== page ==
And of course there are no LGBT faculty. Because Jesus.

Except for life in the closet, RIU is a lovely place to work, even as an adjunct. Other than the relatively low pay (typical of Evangelical schools) and extortionate teaching load, it’s pretty much a dream adjunct gig: office and computer and phone and mailbox and helpful support staff; ladder faculty who invite you to join them for lunch or dinner at their homes; invitations to meet the deans and even the president; supervisors who appreciate and acknowledge your teaching skills; and your colleagues who seem genuinely happy to be there. They even dress for work, especially compared to the stereotypically shabby faculty of the R-1 where I received my training (and yes, it’s ties for the gents and skirts for the ladies).

But make no mistake: because RIU is small, gossip and not scholarship is stock-in-trade. Who you are as a person – as a Christian – is infinitely more important than who you are as a scholar. Take a job at RIU, and your secrets won’t stay secret long. Administrators talk, faculty talk, and students talk, and the “real” members of the community – those of the school’s specific denomination – will see each other many times a week at chapel. And that talk matters – tenure isn’t necessarily a protection against apostasy.

None of this will be in the job ad, of course. RIU is an equal-opportunity employer. But understand this: if you want tenure, you’d do well to burnish your classroom skills, you’d do well to go to chapel, you’d do well to say, “God bless you!” an awful lot.

Because at RIU, there’s never a wrong time to invoke the Almighty.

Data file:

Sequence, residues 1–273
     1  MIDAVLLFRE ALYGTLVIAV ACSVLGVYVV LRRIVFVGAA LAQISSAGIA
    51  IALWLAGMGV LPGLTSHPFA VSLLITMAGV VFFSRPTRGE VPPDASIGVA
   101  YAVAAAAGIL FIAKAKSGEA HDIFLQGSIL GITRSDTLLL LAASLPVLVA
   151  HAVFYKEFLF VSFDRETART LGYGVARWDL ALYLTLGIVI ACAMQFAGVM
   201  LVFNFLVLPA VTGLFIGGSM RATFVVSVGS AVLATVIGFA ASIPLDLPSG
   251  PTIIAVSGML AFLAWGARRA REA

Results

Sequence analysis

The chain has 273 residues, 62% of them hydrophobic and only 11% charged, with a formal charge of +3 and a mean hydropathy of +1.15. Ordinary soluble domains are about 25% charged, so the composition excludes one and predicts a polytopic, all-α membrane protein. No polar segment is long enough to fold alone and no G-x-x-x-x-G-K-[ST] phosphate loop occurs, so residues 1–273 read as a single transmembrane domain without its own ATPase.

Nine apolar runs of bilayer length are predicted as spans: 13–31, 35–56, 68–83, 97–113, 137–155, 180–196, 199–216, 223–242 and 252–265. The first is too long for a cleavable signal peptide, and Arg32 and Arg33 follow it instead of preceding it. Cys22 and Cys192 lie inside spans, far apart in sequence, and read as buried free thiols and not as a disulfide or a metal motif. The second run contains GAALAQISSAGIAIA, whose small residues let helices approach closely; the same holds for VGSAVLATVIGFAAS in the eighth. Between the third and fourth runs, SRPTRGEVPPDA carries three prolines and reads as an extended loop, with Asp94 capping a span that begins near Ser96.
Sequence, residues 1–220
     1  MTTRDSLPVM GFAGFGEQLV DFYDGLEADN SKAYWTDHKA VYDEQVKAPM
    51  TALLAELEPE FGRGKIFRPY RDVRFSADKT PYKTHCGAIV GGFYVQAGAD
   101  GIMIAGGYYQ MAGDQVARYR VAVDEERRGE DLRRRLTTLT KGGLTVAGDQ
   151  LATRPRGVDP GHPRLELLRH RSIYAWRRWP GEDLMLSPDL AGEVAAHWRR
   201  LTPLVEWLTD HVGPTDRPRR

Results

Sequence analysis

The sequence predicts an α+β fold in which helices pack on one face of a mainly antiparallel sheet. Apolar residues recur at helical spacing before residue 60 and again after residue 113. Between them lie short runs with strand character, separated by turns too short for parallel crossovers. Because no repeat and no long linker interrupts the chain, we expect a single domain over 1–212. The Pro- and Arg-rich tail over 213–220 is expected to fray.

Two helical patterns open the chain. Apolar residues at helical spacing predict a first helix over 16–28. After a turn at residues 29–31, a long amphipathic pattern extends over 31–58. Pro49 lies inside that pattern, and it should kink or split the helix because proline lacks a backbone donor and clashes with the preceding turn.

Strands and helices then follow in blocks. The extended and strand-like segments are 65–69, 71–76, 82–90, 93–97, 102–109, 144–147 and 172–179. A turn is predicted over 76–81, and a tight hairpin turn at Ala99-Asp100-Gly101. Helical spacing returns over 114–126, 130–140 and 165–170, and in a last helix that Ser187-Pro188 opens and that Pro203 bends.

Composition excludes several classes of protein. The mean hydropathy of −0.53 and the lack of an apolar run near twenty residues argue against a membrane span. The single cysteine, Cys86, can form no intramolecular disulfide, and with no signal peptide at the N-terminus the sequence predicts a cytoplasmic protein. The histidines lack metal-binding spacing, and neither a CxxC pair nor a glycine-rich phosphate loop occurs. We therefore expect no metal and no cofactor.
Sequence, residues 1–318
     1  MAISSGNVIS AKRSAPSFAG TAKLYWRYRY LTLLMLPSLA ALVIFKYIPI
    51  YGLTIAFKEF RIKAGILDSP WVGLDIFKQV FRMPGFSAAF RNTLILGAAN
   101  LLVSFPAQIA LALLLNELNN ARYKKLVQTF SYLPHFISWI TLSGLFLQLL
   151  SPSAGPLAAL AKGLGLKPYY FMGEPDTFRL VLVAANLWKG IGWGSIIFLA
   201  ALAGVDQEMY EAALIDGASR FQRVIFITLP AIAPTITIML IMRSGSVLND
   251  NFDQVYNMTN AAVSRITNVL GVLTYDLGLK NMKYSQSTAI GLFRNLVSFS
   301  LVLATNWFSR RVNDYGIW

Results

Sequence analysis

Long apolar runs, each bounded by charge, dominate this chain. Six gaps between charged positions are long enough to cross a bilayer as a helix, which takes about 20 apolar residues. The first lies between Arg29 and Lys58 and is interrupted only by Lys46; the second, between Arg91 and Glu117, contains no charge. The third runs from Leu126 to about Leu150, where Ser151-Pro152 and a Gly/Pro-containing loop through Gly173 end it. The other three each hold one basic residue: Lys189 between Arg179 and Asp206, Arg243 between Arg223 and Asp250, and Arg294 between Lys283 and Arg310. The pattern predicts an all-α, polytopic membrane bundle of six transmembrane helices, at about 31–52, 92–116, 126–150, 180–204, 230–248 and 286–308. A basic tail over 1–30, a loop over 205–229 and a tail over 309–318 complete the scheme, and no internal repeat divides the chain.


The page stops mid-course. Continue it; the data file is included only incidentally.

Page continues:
Comments

Teaching In The Non-Believer’s Closet (A Guest Post on Christian Colleges) — 7 Comments

  1. Dear Dr. Karen (and anonymous author of this blog post),

    Let me make sure I understand you clearly: you are advising people to lie about their job qualifications in order to find employment.

    Is that correct?

    Would you encourage them to add “extra” publications to their CV, or maybe conference presentations, just to give them a boost on this job market? Of course you wouldn’t!

    Why then, is this kind of intellectual dishonesty acceptable? What is the difference between lying about your publication record and lying about your religious affiliation? The two boil down to the same behavior: lying.

    The fact that the job market is tough is no excuse. There are lots of jobs outside academia. There are lots of jobs INSIDE academia that don’t require professions of faith. When we get to the point where lying is considered a legitimate career strategy, maybe that’s an indication that we (collectively) need some perspective.

    Honestly, Dr. Karen, I’m disappointed in you for publishing an article like this. I’ve been a reader for years and appreciate your practical approach to professionalization for Ph.Ds. But I would also expect you (as gatekeeper to this site) to be a bit more aware of the ethical implications of the strategy promoted here. If we ever want our students to have academic and intellectual integrity, we have to be examples of those qualities to them. I don’t see how we could rise to that standard using this kind of job-seeking tactic.

    • Ok. First of all, there is to “ethical” implications, as ethics are not tied to religion. Also, the author establishes that all institutions around him/her are religious, so it’s about “financial survival”.
      Furthermore, the author clearly doesn’t undermine that religious institution and keeps it for him/herself.